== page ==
Yesterday was the first night of Chanukah, the Jewish festival of lights. At the core of the Chanukah story, is the miracle that the oil that was needed to light the menorah in the temple lasted for eight nights, when by the numbers it should have only lasted for one.

This got me thinking about my own company’s unexpected journey this year. 

As an entrepreneur, I am constantly asked if it has been difficult to manage my company through a global pandemic (and a national social justice crisis). And, frankly, it has. 

It has been exhausting and it has been overwhelming at times; yet, it’s also been filled with a lot of learning and a lot of joy. In many ways, this is how most years have felt running my own business. The main distinction this year is that all of us have been struggling in one way or another, but we have been struggling together, and that has made all the difference.

There’s power in a collective experience, especially in the way that it can foster empathy and bring a community together.

The embarrassment or shame that I have felt in the past when Scouted’s performance was sub-par has now been removed. The pretense around success so often present in the venture community is largely gone. And the external and internal pressure to achieve exponential growth had subsided.

When COVID first hit, I told my team that I would let them know if we only had one month of runway left. In normal times, this would have been extremely destabilizing. But, in these uncertain times, this level of openness was stabilizing for my team. It built trust because they didn’t need to waste energy making assumptions about their future, they knew that I would tell them. (We were fortunate enough to never have this conversation and I am happy to report that Scouted is very much thriving!)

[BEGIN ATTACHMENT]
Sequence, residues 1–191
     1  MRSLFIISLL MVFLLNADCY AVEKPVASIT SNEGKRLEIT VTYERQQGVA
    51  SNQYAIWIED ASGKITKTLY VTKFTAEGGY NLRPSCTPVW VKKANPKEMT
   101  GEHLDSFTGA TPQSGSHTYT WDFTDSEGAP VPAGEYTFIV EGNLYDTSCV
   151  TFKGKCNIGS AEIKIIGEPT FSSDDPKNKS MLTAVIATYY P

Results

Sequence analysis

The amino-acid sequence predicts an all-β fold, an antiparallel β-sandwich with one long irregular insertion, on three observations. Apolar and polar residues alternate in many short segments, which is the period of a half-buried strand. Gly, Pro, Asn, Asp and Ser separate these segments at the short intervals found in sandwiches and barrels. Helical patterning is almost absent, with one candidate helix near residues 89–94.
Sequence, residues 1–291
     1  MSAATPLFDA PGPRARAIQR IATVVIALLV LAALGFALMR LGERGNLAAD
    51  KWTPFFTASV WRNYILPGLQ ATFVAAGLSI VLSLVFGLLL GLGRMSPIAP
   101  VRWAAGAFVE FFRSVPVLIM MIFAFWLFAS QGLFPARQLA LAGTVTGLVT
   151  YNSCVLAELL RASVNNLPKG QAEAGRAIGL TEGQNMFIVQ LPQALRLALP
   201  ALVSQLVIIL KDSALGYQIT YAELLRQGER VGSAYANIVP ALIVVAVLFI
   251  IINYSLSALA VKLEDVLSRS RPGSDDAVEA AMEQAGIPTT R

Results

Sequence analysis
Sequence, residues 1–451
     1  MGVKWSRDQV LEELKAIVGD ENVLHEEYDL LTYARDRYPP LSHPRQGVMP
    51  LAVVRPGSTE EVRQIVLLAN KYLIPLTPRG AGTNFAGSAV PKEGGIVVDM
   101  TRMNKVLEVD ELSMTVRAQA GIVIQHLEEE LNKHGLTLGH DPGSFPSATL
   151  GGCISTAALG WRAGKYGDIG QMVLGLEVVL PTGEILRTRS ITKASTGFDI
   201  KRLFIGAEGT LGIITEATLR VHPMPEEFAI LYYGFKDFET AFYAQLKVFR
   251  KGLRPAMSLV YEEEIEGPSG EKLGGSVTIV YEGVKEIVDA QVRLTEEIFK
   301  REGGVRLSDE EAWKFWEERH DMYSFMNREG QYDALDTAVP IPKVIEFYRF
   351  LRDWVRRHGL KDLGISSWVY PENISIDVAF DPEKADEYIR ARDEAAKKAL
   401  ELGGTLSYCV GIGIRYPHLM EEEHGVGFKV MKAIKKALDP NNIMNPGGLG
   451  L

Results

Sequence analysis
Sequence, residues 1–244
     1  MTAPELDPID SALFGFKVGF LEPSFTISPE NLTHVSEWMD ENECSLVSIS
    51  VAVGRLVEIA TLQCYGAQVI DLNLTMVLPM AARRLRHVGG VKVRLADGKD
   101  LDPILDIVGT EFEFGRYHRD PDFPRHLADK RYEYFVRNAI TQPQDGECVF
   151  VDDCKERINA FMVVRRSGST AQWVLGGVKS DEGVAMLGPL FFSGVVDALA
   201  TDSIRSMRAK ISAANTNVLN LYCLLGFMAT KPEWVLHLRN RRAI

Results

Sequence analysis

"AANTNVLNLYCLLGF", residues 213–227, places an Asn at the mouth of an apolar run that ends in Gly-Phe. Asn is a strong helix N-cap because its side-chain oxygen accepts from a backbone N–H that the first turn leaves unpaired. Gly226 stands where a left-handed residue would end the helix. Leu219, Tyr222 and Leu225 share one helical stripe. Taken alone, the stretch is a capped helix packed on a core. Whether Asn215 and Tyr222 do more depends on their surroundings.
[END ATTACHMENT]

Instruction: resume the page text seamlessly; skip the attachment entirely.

Instead of worrying about how our competitors were doing or coveting companies that could boast closing large rounds of capital, or, quite frankly, if we’d be open for business a month from now, my team has been laser-focused on getting people jobs. 

My team understands that now, more than ever, the world needs a place that help you find meaningful work and supports you throughout that process, and, that anything they could do towards that end goal was significant.

Considering everything going on in the world, I have been able to manage my team with a greater level of transparency, and as a result, I have been met with a deeper commitment to our mission.

Click below to read my team’s reflections on what it’s been like for them to work at a seed-stage startup during a pandemic.

Read My Team’s Reflections

Stay Healthy, Stay Strong,


CEO & Co-founder, Scouted